battle at the twelfth milestone from Barcelona, he was
put to flight by Ebba, the general of King Theoderic; he
was captured on the othet side of the dver Durance in
18
Gaul and perished, and so he lost first his honor and after-
wards his life.
39. In the era 549 (577), the twenty-first year of Anasta-
sius' tule, Theoderic the Younger, who had long since
been made consul and king in Rome by the Emperor Zeno,
and after killing Odoacat, king of the Ostrogoths ("r27),
overcoming his brother Onoulf, and putting him to flight
âcross the boundades of the Danube, had reigned in Italy
for eighteen yearc, again held the kingdom of Spain fot
fifteen years after the death of Gisaleic, king of the Goths;
while still alive he left it to his nephew Âmaladc. He then
teturned to Italy and reigned for some time with all good
fortune; through him much of the greatness of the city
of Rome rÿas even restored; for he restored its walls and
on account of this earned a gilded stâtue from the Senate.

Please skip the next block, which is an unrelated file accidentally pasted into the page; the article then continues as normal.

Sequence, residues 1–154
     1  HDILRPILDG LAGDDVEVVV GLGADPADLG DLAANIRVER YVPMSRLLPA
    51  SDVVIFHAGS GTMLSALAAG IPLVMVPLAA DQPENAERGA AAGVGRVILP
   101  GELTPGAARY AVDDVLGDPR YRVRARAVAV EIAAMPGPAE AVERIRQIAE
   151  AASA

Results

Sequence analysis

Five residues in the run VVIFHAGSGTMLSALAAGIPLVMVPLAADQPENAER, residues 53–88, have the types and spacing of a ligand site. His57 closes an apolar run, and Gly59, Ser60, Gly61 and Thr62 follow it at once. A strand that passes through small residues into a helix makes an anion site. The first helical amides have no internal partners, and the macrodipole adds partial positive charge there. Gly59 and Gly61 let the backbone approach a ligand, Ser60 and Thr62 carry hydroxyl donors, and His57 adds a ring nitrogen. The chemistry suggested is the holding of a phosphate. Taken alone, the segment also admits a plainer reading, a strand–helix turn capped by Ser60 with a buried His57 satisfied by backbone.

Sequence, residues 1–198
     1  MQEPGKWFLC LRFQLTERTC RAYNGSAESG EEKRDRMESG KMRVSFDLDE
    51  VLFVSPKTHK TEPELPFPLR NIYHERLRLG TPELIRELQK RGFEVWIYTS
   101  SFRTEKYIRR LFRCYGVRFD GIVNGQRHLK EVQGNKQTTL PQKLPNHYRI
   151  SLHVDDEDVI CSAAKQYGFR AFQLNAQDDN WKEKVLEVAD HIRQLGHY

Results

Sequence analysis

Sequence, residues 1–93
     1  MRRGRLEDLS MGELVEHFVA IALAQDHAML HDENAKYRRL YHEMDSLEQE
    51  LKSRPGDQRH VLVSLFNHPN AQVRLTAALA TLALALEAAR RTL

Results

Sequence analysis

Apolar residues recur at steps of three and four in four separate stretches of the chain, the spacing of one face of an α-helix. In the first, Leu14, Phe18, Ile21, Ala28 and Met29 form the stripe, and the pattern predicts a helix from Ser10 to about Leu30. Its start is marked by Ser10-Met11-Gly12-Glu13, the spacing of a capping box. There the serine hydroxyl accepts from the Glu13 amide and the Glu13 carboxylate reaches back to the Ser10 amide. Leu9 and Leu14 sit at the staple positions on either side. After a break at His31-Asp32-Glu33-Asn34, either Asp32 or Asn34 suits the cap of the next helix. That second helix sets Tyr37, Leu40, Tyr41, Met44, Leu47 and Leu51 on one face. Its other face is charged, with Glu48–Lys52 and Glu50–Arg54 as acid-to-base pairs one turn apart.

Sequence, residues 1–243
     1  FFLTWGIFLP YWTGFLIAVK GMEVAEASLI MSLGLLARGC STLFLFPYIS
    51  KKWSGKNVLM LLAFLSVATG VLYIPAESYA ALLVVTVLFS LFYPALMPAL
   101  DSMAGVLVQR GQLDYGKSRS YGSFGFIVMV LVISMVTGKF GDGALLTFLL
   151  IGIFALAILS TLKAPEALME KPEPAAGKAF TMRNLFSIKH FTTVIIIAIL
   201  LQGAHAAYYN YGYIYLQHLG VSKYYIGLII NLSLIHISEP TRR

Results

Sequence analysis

40. In the era 564(526), the first year of.
Justinian's
rule,
aftet Theodedc's return to Italy, his nephew Âmaladc
began his teign, which lasted five years. Upon being de-
feated in battle by Childebert, king of the Franks, at Nar-
bonne, he fled in alatm to Barcelona. Since he had become
contemptible in the eyes of all, his thtoat sras cut by the
trmy, and he pedshed.
47. In the era 569 (531), the sixth yeat of
Justinian's
tule, Theudis became king in Spain after Amùadc; his
teign lasted seventeen years. Though he was a heretic, he
nevertheless granted peâce to the Church, so much so that
he gave the Catholic bishops petmission to come together
in the city of Toledo and to arrange freely and according
79
to their pleasure those mâtters which srere necessary for
the teaching of the Church. During his reign, when the
kings of the Frânks had come jointly